-Adapting the School and Home Environment. Students having Asperger's Syndrome may need to have a special education plan implemented to address their many social, emotional, sensory and learning challenges. This may entail organizational and academic supports, decreased work load or service to address sensory motor deficits. Students may need to take breaks away from the classroom to spend time in less stimulating environments. In addition, short, frequent movement breaks such as a walk up and down stairs or jumping jacks can help children focus to complete school and homework. Students with Asperger’s and anxiety often benefit from smaller classrooms and a classroom aide who can help them develop social skills and make friends. These students often excel in certain areas such as computer use or art and can gain self-esteem and decrease anxiety when parents and teachers provide opportunities for them to shine.
-When able be flexible but try to maintain a normal routine. Many children with Asperger's Syndrome know what"s going to happen next in there lives by following a schedule. Plan for transitions (e.g., allow extra time in the morning if getting to school is difficult). If he is old enough, teach your Aspergers youngster increasing independence in anticipating and coping with anxiety in a variety of situations so when a change in routine occurs he knows how to respond. Develop, practice, and rehearse new behaviors prior to exposure to the real anxiety-producing situation . Implement new behaviors in the actual situations where anxiety occurs.
-Gradually shift “anxiety control” to your Asperger's youngster by preparing him for anxiety-producing situations by discussing antecedents, settings, triggers, and actions to take.
-Don’t dismiss his feelings. Telling your Asperger's youngster “not to worry about his fears” may only make him feel like he’s doing something wrong by feeling anxious. Let him know that it’s okay to feel bad about something, and encourage him to share his emotions and thoughts. Don’t punish mistakes or lack of progress or when he can not put his feelings into words . Many Children with Asperger's have problems expressing their thoughts.
-Help your Asperger's youngster identify the source of the anxiety if he is old enough. Create an anxiety hierarchy, and put the events in order from degree of anxiety the events produce Make a list of numerous anxiety-producing situations, from ones that are easy to control to those that are more difficult to control (this is called “anxiety mapping”). When giving instructions on how to control anxiety, provide a step by step approach. This will make it easier control the anxiety.
-Get him/her outside. Exercise can boost mood, so get him moving. Even if it’s just for a walk around the block, fresh air and physical activity may be just what he needs to lift his spirits and give him a new perspective on things.
-Keep your youngster healthy. Make sure he’s eating right and getting enough sleep. Not getting enough rest or eating nutritious meals at regular intervals can contribute to your youngster’s stress. If he feels good, he’ll be better equipped to work through whatever is bothering him.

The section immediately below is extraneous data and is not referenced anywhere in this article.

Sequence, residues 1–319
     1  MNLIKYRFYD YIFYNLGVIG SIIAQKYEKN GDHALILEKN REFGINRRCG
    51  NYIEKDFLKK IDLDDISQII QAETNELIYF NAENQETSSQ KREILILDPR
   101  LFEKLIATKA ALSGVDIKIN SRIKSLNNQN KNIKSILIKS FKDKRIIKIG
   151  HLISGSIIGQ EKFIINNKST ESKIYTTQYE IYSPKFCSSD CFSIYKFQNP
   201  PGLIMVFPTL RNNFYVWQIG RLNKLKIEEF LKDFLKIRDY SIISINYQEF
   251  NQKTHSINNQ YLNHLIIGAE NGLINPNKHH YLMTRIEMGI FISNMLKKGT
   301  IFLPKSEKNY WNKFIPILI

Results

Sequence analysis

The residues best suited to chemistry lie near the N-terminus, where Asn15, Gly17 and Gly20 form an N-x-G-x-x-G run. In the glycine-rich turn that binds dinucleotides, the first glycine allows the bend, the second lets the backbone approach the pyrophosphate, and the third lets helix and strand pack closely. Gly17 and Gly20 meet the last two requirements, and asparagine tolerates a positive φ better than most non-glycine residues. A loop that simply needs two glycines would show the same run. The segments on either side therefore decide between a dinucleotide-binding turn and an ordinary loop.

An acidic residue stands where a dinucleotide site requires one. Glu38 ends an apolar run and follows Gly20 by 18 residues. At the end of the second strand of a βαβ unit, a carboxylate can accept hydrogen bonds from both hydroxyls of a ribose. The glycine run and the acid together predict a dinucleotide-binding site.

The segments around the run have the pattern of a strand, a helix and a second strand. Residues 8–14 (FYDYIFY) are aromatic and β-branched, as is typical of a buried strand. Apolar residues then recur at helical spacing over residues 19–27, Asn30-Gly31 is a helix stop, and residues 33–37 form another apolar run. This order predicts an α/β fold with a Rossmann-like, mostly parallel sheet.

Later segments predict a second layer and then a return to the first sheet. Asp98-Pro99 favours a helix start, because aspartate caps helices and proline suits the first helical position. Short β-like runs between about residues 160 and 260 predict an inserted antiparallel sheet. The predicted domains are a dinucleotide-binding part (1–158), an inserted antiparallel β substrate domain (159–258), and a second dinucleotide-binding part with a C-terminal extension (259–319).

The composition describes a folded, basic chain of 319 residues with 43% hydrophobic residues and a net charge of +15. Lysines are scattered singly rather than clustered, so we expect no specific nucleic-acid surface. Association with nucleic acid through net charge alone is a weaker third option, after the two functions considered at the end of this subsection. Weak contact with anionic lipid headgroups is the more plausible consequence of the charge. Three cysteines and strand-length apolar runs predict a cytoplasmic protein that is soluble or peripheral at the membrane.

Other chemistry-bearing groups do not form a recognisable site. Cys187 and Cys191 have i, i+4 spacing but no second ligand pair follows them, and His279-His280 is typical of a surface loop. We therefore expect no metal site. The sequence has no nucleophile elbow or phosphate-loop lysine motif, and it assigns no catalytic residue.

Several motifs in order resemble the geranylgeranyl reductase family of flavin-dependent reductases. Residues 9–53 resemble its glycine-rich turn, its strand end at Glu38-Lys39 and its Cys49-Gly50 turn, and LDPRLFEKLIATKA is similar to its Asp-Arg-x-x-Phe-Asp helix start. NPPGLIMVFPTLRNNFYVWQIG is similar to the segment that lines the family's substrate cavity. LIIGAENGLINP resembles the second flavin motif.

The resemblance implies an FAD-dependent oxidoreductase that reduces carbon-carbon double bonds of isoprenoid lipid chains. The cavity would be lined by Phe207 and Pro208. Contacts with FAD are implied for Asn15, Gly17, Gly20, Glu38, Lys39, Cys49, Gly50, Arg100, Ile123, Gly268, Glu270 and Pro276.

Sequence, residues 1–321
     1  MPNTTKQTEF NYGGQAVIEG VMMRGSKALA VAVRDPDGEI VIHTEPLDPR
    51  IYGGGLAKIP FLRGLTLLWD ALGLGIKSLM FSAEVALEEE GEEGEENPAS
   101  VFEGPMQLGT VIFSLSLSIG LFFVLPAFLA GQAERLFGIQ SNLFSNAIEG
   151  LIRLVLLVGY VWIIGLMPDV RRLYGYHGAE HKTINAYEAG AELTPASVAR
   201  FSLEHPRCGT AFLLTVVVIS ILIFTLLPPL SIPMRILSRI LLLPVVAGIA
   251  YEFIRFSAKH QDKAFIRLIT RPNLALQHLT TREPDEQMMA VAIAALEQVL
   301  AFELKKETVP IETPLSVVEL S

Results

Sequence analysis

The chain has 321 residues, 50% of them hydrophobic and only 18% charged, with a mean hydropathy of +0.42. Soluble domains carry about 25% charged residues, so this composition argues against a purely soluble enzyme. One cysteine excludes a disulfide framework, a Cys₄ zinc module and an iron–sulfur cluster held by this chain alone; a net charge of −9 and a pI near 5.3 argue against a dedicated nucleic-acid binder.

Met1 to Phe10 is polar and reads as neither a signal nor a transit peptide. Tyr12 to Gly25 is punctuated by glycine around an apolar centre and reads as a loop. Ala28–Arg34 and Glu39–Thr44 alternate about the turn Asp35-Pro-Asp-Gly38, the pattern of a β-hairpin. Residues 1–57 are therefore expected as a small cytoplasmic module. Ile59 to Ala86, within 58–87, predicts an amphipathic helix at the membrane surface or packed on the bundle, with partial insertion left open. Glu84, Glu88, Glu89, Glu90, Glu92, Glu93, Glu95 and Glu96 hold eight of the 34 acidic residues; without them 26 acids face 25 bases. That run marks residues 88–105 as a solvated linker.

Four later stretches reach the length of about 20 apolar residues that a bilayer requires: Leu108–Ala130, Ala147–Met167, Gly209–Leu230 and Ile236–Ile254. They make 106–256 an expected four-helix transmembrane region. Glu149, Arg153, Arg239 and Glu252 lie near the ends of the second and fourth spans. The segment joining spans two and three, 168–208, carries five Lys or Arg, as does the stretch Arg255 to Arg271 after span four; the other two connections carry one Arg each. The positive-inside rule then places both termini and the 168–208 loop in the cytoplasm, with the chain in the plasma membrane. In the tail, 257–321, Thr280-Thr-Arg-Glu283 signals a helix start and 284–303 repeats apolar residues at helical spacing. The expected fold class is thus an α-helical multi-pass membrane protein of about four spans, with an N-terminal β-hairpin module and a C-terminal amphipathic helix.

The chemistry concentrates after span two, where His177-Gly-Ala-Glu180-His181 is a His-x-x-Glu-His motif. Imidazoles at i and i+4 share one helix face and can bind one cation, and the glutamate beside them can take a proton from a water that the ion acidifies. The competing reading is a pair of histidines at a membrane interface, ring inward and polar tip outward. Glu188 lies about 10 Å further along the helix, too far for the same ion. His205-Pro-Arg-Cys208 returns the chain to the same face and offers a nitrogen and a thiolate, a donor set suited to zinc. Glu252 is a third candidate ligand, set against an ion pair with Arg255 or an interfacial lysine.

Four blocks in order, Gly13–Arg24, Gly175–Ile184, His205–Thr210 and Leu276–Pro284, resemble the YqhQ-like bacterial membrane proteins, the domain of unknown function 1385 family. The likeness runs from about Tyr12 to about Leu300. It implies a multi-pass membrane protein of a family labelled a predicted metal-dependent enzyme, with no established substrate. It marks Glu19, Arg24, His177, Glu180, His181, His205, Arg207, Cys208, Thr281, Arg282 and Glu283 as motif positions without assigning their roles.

-Limit your Asperger's youngster's exposure to upsetting news or stories. If your youngster sees or hears upsetting images or accounts of natural disasters such as earthquakes or tsunamis or sees disturbing accounts of violence or terrorism on the news, talk to your youngster about what's going on. Reassure her that she and the people she loves are not in danger. Talk about the aide that people who are victims of disasters or violence receive from humanitarian groups, and discuss ways that she may help, such as by working with her school to raise money for the victims.
-Listen carefully to your Asperger's youngster. You know how enormously comforting it can be just to have someone listen when something’s bothering you. Do the same thing for your youngster. If he doesn’t feel like talking, let him know you are there for him. Just be by his side and remind him that you love him and support him.
- Offer comfort and distraction. Try to do something she enjoys, like playing a favorite game or cuddling in your lap and having you read to her, just as you did when she was younger. When the chips are down, even a 10-year-old will appreciate a good dose of parent TLC.
-Consult a counselor or your pediatrician. If you suspect that a change in the family such as a new sibling, a move, divorce, or a death of a family member is behind your youngster's stress and anxiety, seek advice from an expert such as your youngster's school counselor, your pediatrician, or a child therapist enough to understand this concept.
Scott Young, MS, CCC, LNC earned a Bachelor’s degree in Nursing in 1992 and has been a nationally certified Christian Counselor since 2003. Having worked professionally in inpatient psychiatry for 16 years and with children and adults as a mobile therapist, Scott specializes in family counseling, children’s counseling, parenting concerns, individuals with special needs, developmental and learning disabilities, anxiety, ADD/ADHD, anger, social skills, self esteem, depression, and character building. Scott has seen the importance of looking at each person holistically and considers all areas of health when working with clients. Scott earned a doctorate in Naturopathy in 2014 and offers a comprehensive approach to overall health and well-being by integrating counseling, botanical and herbal medicine, naturopathic and holistic medicine, and lifestyle therapy. Scott is passionate about working with children and serving as an advocate for children with special needs.
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